The country's food and grocery association said it was disappointed that the government did not to remove the 3 cents per kilo tax on sugar in Australia, brought in at the beginning of 2003 to help sugar producers hit by a downturn in world prices and tough weather conditions .
But with the current turnaround in pricing, food companies believe the government no longer needs to give concessions to the sugar industry.
"Food and beverage producers already have to face a doubling of the world price for sugar, and increased fuel and packaging costs," said AFGC chief executive Dick Wells.
"The sugar tax is a compulsory financial penalty imposed by a government to raise revenue to help pay for assistance that is not being fully used."
Wells said that the tax has been complex and inefficient to administer and was aimed at helping one sector of the economy at the expense of another.
"Ultimately all participants in the food supply chain are penalised by the tax, including growers. Such taxes hurt and reduce the competitiveness of one of Australia's key industries," he said.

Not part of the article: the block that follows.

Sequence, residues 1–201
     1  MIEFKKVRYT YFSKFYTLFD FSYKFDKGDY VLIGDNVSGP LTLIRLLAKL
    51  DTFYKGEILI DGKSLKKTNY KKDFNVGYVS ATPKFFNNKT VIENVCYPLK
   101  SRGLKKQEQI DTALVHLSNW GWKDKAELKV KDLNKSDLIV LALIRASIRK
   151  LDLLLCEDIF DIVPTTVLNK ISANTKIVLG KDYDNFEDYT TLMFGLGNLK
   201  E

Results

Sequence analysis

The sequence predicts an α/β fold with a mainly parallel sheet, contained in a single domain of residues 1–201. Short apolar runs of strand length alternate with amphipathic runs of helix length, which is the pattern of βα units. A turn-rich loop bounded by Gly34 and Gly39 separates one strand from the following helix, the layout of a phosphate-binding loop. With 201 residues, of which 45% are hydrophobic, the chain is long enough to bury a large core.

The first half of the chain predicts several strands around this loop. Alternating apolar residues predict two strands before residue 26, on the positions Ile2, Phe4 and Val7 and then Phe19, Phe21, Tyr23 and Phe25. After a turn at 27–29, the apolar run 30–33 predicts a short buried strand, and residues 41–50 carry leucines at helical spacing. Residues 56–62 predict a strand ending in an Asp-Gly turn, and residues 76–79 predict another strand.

The association argues that removing this tax at a time of significant Budget surpluses would make Australia's food and beverage manufacturers more competitive.
"While overall the government should be commended for the significant taxation and infrastructure initiatives announced in the budget, the failure to remove an unnecessary tax on businesses is a missed opportunity," said AFGC chief executive Dick Wells.
"At a time when companies are absorbing significant increases in input costs, it was a realopportunity to remove this damaging tax and assist one of the most valuable manufacturing sectors."
The Budget did offer some positive aspects for industry, such as additional tax deductions for business purchases of physical assets like computers and machinery.
The government also announced a freeze in heavy vehicle charges and plans to upgrade rail and road infrastructure.